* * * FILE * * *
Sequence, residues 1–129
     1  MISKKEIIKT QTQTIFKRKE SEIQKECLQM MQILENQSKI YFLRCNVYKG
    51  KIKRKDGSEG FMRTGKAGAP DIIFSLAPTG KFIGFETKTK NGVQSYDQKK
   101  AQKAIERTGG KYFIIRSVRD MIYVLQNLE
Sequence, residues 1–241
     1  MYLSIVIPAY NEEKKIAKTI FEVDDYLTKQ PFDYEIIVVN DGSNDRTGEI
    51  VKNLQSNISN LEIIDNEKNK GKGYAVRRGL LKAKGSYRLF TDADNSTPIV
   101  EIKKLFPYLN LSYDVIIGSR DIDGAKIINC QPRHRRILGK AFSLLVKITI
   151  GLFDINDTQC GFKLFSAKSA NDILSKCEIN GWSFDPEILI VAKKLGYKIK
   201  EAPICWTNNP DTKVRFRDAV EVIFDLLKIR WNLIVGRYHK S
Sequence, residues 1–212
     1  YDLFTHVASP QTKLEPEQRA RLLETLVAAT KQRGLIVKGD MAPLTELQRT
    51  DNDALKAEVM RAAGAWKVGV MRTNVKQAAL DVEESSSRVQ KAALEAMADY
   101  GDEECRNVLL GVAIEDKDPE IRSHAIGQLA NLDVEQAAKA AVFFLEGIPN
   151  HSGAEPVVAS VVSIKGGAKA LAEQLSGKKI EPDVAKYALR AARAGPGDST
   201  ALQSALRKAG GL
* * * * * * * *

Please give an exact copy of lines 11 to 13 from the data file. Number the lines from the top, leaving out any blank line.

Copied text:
Sequence, residues 1–212
     1  YDLFTHVASP QTKLEPEQRA RLLETLVAAT KQRGLIVKGD MAPLTELQRT
    51  DNDALKAEVM RAAGAWKVGV MRTNVKQAAL DVEESSSRVQ KAALEAMADY